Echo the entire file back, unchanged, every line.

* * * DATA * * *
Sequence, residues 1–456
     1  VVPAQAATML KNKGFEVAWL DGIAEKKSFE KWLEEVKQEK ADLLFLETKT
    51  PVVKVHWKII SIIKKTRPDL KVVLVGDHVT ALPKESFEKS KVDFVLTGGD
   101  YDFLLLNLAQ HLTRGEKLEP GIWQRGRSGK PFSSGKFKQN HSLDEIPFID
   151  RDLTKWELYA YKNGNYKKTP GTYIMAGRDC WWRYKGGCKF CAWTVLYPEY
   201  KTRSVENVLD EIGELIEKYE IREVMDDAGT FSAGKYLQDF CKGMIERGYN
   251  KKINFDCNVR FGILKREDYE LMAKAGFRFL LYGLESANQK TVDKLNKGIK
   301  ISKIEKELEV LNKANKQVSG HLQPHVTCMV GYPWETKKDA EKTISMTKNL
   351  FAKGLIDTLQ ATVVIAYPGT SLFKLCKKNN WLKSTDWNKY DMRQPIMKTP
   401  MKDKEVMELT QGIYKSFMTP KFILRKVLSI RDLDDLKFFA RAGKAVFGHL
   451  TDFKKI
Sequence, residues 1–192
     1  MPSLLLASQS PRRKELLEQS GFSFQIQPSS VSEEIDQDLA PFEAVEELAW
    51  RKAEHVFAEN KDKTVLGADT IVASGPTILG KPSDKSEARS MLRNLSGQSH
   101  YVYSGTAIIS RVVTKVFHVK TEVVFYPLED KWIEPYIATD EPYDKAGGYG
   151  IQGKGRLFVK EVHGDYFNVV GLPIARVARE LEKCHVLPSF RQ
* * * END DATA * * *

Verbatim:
Sequence, residues 1–456
     1  VVPAQAATML KNKGFEVAWL DGIAEKKSFE KWLEEVKQEK ADLLFLETKT
    51  PVVKVHWKII SIIKKTRPDL KVVLVGDHVT ALPKESFEKS KVDFVLTGGD
   101  YDFLLLNLAQ HLTRGEKLEP GIWQRGRSGK PFSSGKFKQN HSLDEIPFID
   151  RDLTKWELYA YKNGNYKKTP GTYIMAGRDC WWRYKGGCKF CAWTVLYPEY
   201  KTRSVENVLD EIGELIEKYE IREVMDDAGT FSAGKYLQDF CKGMIERGYN
   251  KKINFDCNVR FGILKREDYE LMAKAGFRFL LYGLESANQK TVDKLNKGIK
   301  ISKIEKELEV LNKANKQVSG HLQPHVTCMV GYPWETKKDA EKTISMTKNL
   351  FAKGLIDTLQ ATVVIAYPGT SLFKLCKKNN WLKSTDWNKY DMRQPIMKTP
   401  MKDKEVMELT QGIYKSFMTP KFILRKVLSI RDLDDLKFFA RAGKAVFGHL
   451  TDFKKI
Sequence, residues 1–192
     1  MPSLLLASQS PRRKELLEQS GFSFQIQPSS VSEEIDQDLA PFEAVEELAW
    51  RKAEHVFAEN KDKTVLGADT IVASGPTILG KPSDKSEARS MLRNLSGQSH
   101  YVYSGTAIIS RVVTKVFHVK TEVVFYPLED KWIEPYIATD EPYDKAGGYG
   151  IQGKGRLFVK EVHGDYFNVV GLPIARVARE LEKCHVLPSF RQ